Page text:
It was true then, it is true now, and those are the policies that we are following and shall continue to follow, because those are the policies that we believe will ultimately create the genuine jobs for the future. In the meantime, it is our job to try to mitigate the painful effects of change and that we do, as you know, by generous redundancy payments and also by a Community Enterprise Scheme, which not only finds jobs for the long-term unemployed, but finds them in a way which brings great benefits to the communities. And then, of course, where there are redundancy schemes in steel and now in coal, the industries themselves set up enterprise agencies both to give help to those who are made redundant and to provide new training. All of this is a highly constructive policy both for the creation of jobs and a policy to cushion the effects of change.

May I turn now to the coal industry?

For a little over seven months we have been living through an agonising strike. Let me make it absolutely clear the miners’ strike was not of this Government’s seeking nor of its making.

We have heard in debates at this Conference some of the aspects that have made this dispute so repugnant to so many people. We were reminded by a colliery manager that the NUM always used to accept that a pit should close when the losses were too great to keep it open, and that the miners set great store by investment in new pits and new seams, and under this Government that new investment is happening in abundance. You can almost repeat the figures with me. Two million pounds in capital investment in the mines for every day this Government has been in power, so no shortage of capital investment.

We heard moving accounts from two working miners about just what they have to face as they try to make their way to work. The sheer bravery of those men and thousands like them who kept the mining industry alive is beyond praise. ‘Scabs’ their former workmates call them. Scabs? They are lions! What a tragedy it is when striking miners attack their workmates. Not only are they members of the same union, but the working miner is saving both their futures, because it is the working miners, whether in Nottinghamshire, Derbyshire, Lancashire, Leicestershire, Staffordshire, Warwickshire, North Wales or Scotland, it is the working miners who have kept faith with those who buy our coal and without that custom thousands of jobs in the mining industry would be already lost.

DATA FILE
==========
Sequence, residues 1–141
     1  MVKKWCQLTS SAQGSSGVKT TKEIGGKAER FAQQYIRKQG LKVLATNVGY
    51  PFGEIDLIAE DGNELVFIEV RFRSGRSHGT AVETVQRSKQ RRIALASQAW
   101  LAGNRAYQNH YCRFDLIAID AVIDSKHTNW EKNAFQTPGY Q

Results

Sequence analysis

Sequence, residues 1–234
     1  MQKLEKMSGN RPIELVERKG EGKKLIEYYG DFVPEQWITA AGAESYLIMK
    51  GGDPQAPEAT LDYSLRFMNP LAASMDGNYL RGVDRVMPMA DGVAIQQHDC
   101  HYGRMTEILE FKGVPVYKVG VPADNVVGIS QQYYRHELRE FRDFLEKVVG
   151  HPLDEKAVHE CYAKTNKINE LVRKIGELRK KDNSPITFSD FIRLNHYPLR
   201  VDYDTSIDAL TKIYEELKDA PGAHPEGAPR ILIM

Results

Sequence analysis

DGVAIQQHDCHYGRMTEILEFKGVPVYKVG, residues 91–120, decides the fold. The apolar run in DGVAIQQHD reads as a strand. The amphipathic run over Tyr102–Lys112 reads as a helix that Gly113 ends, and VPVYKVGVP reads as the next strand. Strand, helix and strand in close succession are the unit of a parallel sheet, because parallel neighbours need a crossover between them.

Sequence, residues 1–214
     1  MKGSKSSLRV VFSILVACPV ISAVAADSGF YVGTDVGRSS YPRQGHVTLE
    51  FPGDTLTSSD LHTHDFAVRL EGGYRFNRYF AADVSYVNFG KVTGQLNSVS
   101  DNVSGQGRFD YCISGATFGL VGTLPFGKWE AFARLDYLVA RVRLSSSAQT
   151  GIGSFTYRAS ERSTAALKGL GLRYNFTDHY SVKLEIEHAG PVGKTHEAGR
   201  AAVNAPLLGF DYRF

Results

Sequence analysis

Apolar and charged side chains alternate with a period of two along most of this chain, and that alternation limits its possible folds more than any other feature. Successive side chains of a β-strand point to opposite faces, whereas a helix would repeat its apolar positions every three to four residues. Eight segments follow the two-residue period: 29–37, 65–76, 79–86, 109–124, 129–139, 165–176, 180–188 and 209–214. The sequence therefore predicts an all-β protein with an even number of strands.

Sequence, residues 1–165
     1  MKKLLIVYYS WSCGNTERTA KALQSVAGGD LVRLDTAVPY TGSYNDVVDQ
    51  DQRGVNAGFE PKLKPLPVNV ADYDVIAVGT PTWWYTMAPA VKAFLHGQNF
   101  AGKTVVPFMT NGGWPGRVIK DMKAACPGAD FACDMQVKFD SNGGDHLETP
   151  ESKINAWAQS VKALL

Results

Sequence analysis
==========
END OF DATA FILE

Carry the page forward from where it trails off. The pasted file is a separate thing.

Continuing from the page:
And then we heard unforgettably from the incomparable Mrs. Irene McGibbon who told us what it is like to be the wife of a working miner during this strike. She told us of the threats and intimidation suffered by herself and her family and even her 11-year-old son, but what she endured only stiffened her resolve. To face the picket line day after day must take a very special kind of courage, but it takes as much, perhaps even more, to the housewife who has to stay at home alone. Men and women like that are what we are proud to call ‘the best of British’ and our police who upheld the law with an independence and a restraint perhaps only to be found in this country are the admiration of the world.

To be sure, the miners had a good deal and to try to prevent a strike the National Coal Board gave to the miners the best ever pay offer, the highest ever investment and for the first time the promise that no miner would lose his job against his will. We did this despite the fact that the bill for losses in the coal industry last year was bigger than the annual bill for all the doctors and dentists in all the National Health Service hospitals in the United Kingdom.

Let me repeat it: the losses in the coal industry are enormous. 1.3 billion pounds last year. You have to find that money as tax-payers. It is equal to the sum we pay in salaries to all the doctors and dentists in the National Health Service.